In the 2009 survey of leading US criminologists published in the Journal of Criminal Law and Crimonology, 88% of that nation's top criminologists do not believe that the death penalty is a more effective deterrent to long-term imprisonment. This of course means that 12% believed that it did.
We love majority rule here, but majorities are often wrong. So a deeper look at the stats may be helpful.
If you look at the murder statistics across the United States from 1990-2010 you'll notice that the death penalty States do not consistently rank lower on the list—which you would expect if the death penalty did in fact act as a deterrent. In fact, we find that the States without the death penalty rank lower on the list.
Now perhaps it's hanging that makes the difference and not the death by sissy injection favoured by the Americans. But assuming that it's the threat of death (regardless of the method of sudden demise) you would expect to see a consistent and statistically significant difference in the murder rates between death penalty states and non-death penalty states. We do not see such a difference. Look for yourself.
This makes logical sense because people who commit pre-meditated murder don't plan on getting caught, and people don't think about consequences in crimes of passion.
The death penalty might make a difference if it was imposed Sharia law style, with guilt determined merely by an authority's assessment of guilt and death imposed swiftly and harshly. Nothing like a regular public Sunday execution to remind potential murderers of the consequence of their "evil" intentions.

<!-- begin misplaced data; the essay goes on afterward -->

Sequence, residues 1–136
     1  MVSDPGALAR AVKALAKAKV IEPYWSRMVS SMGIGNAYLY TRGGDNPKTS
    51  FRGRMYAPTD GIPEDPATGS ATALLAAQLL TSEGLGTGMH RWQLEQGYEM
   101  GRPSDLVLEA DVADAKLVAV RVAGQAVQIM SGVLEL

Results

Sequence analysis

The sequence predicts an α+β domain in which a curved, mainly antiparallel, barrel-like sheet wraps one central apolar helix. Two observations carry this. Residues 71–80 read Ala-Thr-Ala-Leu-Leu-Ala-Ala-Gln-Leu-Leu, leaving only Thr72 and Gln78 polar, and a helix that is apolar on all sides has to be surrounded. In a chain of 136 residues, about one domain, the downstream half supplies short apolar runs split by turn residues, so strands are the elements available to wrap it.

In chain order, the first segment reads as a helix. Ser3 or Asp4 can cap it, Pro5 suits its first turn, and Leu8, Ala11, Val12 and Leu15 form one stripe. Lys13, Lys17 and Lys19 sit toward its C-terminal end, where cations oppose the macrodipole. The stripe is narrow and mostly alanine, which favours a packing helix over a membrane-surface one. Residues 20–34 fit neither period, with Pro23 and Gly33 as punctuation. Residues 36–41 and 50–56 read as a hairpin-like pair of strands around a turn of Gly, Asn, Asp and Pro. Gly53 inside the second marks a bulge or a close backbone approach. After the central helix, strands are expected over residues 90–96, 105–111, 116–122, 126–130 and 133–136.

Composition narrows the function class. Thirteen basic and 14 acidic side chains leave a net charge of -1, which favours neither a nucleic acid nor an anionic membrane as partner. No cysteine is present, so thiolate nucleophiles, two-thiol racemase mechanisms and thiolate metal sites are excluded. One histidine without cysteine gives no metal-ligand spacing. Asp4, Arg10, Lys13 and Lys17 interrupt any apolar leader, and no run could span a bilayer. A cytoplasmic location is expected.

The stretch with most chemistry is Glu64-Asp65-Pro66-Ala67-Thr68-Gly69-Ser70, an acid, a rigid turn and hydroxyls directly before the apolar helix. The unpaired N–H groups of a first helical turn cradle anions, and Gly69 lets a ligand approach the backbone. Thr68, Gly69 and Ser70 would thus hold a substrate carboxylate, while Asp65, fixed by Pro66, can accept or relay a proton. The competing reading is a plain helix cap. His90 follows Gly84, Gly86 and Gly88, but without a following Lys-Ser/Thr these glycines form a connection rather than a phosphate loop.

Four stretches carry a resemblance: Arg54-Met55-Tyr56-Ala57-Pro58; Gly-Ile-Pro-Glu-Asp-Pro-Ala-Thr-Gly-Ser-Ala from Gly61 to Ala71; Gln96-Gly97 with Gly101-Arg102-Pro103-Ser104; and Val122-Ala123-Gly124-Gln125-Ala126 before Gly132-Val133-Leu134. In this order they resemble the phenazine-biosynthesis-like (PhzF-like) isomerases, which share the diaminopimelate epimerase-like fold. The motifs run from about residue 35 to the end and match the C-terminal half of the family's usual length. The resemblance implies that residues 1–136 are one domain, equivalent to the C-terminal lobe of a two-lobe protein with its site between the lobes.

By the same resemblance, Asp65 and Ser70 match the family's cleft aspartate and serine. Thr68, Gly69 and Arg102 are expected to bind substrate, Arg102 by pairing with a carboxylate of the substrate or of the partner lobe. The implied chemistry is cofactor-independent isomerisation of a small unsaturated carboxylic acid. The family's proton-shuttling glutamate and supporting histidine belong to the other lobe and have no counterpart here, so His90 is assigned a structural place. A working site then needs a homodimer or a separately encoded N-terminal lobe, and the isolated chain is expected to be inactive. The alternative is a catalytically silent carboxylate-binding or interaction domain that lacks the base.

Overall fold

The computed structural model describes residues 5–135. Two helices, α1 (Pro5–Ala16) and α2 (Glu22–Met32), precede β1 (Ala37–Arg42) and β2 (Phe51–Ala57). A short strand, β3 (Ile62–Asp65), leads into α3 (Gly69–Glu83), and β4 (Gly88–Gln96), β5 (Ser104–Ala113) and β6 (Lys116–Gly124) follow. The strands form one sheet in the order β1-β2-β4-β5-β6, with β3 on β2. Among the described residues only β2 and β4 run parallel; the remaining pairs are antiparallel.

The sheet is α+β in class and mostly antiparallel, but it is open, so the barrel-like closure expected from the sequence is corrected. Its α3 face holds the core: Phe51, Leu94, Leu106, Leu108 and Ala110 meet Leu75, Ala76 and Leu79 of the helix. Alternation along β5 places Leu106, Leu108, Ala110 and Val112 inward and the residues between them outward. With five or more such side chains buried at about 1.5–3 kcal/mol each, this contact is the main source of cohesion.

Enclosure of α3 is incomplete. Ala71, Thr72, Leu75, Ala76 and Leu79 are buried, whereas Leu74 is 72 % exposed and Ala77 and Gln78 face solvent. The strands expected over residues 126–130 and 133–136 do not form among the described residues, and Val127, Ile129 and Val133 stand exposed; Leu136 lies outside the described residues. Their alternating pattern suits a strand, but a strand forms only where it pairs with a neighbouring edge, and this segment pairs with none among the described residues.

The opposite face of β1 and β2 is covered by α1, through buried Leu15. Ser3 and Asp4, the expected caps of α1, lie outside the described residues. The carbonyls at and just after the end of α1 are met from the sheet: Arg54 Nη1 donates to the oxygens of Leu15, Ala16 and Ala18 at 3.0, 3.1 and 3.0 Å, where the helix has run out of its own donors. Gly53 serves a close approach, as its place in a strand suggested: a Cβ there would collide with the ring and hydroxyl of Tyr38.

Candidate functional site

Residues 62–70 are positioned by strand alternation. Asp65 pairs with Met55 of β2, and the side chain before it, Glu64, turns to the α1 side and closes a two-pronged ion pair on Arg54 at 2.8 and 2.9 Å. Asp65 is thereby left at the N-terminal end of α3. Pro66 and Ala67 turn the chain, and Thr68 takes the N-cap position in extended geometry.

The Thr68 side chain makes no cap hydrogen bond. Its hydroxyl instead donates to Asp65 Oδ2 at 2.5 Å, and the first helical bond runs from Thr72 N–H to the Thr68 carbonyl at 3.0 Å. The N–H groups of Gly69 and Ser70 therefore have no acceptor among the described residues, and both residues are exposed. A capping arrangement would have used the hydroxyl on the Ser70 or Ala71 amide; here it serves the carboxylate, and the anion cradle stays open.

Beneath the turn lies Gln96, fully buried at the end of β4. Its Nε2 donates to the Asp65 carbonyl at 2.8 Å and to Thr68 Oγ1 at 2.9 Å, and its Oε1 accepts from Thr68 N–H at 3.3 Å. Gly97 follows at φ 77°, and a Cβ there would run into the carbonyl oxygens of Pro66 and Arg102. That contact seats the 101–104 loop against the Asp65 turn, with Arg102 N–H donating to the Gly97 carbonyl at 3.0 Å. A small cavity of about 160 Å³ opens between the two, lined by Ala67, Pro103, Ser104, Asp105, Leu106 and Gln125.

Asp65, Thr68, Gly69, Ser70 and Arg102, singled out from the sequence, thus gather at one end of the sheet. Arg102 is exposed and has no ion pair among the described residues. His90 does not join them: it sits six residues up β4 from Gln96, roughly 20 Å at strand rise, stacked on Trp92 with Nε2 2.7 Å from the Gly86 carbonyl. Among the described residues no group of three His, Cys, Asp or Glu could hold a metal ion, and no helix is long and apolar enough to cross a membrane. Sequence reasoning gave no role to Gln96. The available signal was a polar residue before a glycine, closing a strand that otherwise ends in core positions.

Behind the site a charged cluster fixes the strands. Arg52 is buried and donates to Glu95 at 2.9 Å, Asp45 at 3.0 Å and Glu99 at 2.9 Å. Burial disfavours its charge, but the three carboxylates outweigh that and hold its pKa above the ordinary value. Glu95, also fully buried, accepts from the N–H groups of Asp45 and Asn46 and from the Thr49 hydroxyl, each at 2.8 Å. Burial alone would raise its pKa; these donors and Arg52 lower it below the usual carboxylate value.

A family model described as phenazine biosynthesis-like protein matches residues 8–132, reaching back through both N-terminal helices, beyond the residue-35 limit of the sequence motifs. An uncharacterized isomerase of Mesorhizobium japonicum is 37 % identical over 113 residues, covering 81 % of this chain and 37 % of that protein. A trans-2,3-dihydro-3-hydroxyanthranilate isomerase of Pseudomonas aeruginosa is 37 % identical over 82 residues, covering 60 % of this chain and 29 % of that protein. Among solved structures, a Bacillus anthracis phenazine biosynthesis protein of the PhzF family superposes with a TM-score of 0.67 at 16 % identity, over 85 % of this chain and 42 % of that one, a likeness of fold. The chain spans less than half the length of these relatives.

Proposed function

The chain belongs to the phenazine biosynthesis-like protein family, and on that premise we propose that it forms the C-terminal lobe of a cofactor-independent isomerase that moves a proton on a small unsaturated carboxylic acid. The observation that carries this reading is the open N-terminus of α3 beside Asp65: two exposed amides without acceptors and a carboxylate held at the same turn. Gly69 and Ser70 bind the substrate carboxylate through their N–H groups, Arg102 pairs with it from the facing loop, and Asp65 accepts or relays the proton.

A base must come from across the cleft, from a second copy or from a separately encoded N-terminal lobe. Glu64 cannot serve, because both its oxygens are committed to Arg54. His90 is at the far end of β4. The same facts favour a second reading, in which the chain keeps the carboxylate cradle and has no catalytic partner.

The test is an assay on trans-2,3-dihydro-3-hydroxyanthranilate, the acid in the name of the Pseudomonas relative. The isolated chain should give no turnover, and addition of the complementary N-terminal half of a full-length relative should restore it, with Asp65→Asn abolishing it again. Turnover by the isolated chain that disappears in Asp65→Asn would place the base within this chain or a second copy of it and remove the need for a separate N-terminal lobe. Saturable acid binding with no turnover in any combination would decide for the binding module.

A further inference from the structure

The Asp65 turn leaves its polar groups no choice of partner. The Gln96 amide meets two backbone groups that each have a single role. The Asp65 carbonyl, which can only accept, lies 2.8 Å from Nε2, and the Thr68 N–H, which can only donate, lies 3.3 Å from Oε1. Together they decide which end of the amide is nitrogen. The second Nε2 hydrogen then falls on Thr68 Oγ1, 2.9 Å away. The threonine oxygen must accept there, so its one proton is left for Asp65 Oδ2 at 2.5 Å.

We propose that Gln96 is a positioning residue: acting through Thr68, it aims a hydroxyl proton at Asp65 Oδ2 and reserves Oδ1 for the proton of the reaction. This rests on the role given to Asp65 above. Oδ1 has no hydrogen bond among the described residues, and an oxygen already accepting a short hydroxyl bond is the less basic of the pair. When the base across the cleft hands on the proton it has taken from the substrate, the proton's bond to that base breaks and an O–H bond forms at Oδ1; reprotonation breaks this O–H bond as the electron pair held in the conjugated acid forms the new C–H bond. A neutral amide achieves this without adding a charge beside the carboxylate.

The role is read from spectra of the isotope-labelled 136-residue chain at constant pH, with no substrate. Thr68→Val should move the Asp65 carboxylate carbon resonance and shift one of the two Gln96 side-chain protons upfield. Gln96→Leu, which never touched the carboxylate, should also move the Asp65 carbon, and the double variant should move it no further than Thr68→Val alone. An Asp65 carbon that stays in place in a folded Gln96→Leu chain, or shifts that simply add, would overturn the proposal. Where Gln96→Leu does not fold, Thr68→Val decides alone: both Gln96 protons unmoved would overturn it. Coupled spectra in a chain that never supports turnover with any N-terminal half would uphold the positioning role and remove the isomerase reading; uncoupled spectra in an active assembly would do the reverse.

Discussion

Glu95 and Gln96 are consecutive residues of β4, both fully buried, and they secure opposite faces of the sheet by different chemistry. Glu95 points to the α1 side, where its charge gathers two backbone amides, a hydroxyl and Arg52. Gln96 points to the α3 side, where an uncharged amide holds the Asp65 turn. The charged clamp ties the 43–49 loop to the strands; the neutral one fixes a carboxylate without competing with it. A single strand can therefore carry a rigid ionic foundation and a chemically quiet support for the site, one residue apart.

But if we go down this route, why stop at public executions? Let's go for the public dismembering of other offenders. The cutting off hands, and penises or gouging out eyes could also greatly reduce theft, rape and adultery.
Then there's the moral argument. Like a parent who smokes admonishing his/her child not to smoke, there is moral inconsistency in supporting the death penalty. Basically what we are in effect saying is that murder is justified under certain conditions, and we (the state) are the only ones that have the right to take life. So do as we say, not as we do.
One of the central tenets of a civilised and just criminal system is that it is better to let a guilty man go free than an innocent man be wrongfully imprisoned. I tend to hold that view especially since it is quite problematic to prove beyond a shadow of a death that "he's the guy."
Eye-witness reports are often not what they are made out to be, especially with the passage of time; and with witnesses who have little education, hidden or criminal agendas.
Who wins or loses often comes down to the talent and determination of the opposing sides, and the ability of a jury to think critically, be fair and impartial. Good luck with that.
If you support the death penalty, be very clear that your stance will result in the wrongful death of innocent people. What percentage, I don't know, but how many innocent deaths are you comfortable with?
Maybe it's an OK price to pay if it did result in a reduction in the murder rate but it …does …not. People commit gangland murder not because they think they won't be hung, but because they grow up in sub-cultures that believe that the only way to get what you want in life is to go out there and take it by force.